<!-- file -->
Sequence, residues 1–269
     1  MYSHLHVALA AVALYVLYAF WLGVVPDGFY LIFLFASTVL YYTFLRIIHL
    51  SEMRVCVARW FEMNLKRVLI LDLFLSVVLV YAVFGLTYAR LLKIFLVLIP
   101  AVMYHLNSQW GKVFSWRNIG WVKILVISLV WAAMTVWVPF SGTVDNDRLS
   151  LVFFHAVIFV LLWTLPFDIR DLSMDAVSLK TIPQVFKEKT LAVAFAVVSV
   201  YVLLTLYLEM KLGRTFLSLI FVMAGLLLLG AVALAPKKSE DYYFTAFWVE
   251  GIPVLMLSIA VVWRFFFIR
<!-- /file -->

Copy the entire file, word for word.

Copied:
Sequence, residues 1–269
     1  MYSHLHVALA AVALYVLYAF WLGVVPDGFY LIFLFASTVL YYTFLRIIHL
    51  SEMRVCVARW FEMNLKRVLI LDLFLSVVLV YAVFGLTYAR LLKIFLVLIP
   101  AVMYHLNSQW GKVFSWRNIG WVKILVISLV WAAMTVWVPF SGTVDNDRLS
   151  LVFFHAVIFV LLWTLPFDIR DLSMDAVSLK TIPQVFKEKT LAVAFAVVSV
   201  YVLLTLYLEM KLGRTFLSLI FVMAGLLLLG AVALAPKKSE DYYFTAFWVE
   251  GIPVLMLSIA VVWRFFFIR